Wall Street Week Ahead: Strong Sales Could Shift Ford, GM to Higher Gear

30 May 2015 | Author: | No comments yet »

Car Sales in May Could Trigger Ford, GM Rally on Wall Street.

Investors currently keep a close watch over automotive industry, since Wall Street has high expectations of it and two of its major players – General Motors and Ford.Number-crunchers are paying close attention to the automotive space, as “Big Three” American automakers Ford Motor (NYSE: F), General Motors Co. (NYSE: GM), and Fiat Chrysler Automobiles are set to announce May sales statistics next week.

Investors hope good numbers will lift the sector, which is currently languishing thanks to a poor showing in April as well as several embarrassing recalls. These stats, analysts believe, may be enough to trigger a rally for Ford and GM stocks, after months of recalls and uninspiring growth figures had taken their toll on share prices; Data from Edmunds suggests that May sales may come in at about 1.6 million new cars and trucks, good for an annualized rate of 17.4 million vehicles, with seasonality taken into account. And while April was a tepid month, May could represent a big comeback, thanks to lower gasoline prices driving demand for trucks and sports utility vehicles, both of which cost more and generate larger profit margins. Additionally, consumer froth has been building up since the global economic recession, with Americans sticking with their vehicles for longer than usual. “This is going to be one of the best months ever,” predicted Mainstay Capital Management chief investment strategist David Kudla. His forecasted May statistics include sales hitting $40 billion, which is close to the record of $40.3 billion set in August 2014, while he also noted that the average age of cars in the U.S. is between ten and eleven years.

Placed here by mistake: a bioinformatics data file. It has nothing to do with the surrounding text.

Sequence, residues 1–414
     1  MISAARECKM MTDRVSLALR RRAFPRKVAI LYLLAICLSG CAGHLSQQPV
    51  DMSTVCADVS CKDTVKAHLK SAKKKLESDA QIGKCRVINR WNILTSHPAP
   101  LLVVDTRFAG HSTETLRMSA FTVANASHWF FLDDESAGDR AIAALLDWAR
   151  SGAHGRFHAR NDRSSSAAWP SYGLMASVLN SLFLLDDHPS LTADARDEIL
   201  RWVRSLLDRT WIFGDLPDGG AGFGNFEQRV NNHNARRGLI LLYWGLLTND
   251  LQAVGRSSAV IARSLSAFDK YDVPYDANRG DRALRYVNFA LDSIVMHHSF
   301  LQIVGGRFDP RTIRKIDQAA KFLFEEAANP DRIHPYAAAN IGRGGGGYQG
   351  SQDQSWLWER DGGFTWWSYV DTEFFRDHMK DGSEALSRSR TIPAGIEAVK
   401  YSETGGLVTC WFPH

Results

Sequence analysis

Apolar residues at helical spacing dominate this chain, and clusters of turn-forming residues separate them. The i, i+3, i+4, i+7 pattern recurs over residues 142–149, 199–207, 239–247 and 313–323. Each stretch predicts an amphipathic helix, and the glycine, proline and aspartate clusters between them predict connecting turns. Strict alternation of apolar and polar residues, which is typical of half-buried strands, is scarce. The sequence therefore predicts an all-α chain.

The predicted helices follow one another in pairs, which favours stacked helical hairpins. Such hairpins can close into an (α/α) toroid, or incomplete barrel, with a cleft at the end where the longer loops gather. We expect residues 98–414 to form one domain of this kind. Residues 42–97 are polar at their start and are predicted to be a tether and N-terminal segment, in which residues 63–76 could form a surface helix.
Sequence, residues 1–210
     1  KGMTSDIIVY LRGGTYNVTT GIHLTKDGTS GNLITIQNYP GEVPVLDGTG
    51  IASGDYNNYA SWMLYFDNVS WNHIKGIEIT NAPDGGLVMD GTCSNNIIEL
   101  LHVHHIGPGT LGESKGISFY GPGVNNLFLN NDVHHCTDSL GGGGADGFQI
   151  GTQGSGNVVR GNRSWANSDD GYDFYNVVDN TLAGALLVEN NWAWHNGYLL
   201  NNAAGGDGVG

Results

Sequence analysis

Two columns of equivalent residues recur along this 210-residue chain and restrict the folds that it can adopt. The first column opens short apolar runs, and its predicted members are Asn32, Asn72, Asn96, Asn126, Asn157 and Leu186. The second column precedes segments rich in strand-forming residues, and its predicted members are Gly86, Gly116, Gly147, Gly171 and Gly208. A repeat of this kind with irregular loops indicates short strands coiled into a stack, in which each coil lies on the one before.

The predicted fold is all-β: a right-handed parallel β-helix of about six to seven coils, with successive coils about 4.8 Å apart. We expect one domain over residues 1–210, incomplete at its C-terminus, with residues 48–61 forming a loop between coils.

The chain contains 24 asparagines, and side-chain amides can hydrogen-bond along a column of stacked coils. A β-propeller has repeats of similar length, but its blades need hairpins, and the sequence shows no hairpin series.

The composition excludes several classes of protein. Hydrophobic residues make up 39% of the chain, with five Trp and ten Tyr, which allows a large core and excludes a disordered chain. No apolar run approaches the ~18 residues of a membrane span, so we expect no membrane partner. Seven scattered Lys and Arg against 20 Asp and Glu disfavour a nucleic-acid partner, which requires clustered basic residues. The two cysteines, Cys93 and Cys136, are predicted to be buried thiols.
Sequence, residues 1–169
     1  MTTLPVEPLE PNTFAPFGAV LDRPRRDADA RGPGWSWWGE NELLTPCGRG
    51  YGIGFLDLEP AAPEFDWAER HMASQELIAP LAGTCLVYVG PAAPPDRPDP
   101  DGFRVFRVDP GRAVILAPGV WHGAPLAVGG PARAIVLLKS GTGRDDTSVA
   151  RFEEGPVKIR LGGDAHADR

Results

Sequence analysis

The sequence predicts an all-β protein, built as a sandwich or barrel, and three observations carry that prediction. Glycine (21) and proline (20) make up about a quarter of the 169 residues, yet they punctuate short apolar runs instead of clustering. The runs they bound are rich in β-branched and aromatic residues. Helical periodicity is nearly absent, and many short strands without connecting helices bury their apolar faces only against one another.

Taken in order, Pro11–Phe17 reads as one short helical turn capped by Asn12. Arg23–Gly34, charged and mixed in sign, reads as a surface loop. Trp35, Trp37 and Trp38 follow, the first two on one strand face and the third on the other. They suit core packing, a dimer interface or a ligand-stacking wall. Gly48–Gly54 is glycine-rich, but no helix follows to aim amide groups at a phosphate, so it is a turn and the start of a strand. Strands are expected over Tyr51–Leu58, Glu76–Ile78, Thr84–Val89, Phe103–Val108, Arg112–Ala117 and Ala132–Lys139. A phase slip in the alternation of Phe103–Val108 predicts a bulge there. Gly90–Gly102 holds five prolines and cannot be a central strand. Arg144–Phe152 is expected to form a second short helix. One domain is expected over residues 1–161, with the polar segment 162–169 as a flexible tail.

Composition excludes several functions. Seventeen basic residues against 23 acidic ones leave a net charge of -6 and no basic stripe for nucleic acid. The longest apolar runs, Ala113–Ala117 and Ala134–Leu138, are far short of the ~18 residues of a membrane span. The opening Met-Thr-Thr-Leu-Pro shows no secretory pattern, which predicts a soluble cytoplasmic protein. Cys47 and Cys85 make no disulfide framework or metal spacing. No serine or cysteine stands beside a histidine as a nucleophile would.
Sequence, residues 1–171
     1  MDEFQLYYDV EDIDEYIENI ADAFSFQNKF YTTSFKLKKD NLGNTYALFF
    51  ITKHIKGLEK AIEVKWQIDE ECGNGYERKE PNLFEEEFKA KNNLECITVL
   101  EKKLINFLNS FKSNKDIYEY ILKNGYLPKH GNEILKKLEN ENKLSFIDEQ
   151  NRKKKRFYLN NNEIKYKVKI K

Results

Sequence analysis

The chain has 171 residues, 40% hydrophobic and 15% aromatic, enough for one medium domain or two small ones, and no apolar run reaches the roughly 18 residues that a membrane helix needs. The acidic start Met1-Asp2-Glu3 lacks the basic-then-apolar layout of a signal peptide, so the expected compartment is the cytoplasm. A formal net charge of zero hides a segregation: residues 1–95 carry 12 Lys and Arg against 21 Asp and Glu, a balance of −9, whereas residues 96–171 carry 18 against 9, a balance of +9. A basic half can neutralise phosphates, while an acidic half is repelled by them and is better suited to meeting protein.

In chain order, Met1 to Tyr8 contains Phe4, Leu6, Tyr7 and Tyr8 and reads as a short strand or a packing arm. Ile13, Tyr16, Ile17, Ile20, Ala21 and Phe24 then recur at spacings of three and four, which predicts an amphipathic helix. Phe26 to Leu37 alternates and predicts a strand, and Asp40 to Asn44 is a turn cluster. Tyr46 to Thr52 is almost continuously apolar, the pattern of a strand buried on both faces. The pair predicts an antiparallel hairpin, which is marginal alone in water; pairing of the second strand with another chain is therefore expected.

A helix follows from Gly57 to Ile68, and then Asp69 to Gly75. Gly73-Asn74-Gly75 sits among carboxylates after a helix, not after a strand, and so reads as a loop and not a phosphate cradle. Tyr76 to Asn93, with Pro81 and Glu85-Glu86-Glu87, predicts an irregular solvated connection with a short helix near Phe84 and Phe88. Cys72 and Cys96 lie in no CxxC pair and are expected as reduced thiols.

A major reason may be that lower gas prices encourage people to buy sport utility vehicles (SUVs) and trucks, automobiles that are more expensive and have better margins. Another variable that may contribute to better sales in May is the recently concluded Memorial Day weekend. “Because there was a full week of May after the holiday weekend, shoppers had plenty of time to take advantage of the deals being widely communicated in dealer and automaker marketing messages,” posited Edmunds senior analyst Jessica Caldwell. At the close of trading yesterday, GM was trading at $35.97, a decline of 1.15 percent, while Ford’s share prices were at $15.17, down 0.78 percent from the day prior. David proudly stated that the car sales have reached this level despite the fact that average car age in America is estimated to be about ten to eleven years.

Analysts also base their expectations of a strong rebound on an increasing demand of new cars since many owners hadn’t changed their old vehicles since the beginning of the financial crisis. If the sales statistics of automotive products come according to the expectations then the auto stocks could rally but this change could compel the U.S Federal Reserve to raise the interest rates more early then the planned schedule. Edmunds.com recently stated that this year’s Memorial Day may have helped as well the boost in sales because potential buyers had a longer vacation to ponder on their options in buying a new car.

StarMine, a market research firm, ranked both companies as the cheapest in S&P 500 by taking into account their intrinsic value related to their growth potential over the next decade. Although Ford stock slipped 1.7 percent this year, GM experienced a 3 percent rise mainly due to a $5 billion buyback plan the company had announced a couple of months ago.

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